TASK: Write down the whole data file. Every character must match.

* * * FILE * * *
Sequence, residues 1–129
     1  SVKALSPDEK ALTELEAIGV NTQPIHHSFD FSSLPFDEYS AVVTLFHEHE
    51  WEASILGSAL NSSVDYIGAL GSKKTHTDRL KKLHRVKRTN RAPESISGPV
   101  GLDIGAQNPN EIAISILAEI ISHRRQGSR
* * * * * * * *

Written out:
Sequence, residues 1–129
     1  SVKALSPDEK ALTELEAIGV NTQPIHHSFD FSSLPFDEYS AVVTLFHEHE
    51  WEASILGSAL NSSVDYIGAL GSKKTHTDRL KKLHRVKRTN RAPESISGPV
   101  GLDIGAQNPN EIAISILAEI ISHRRQGSR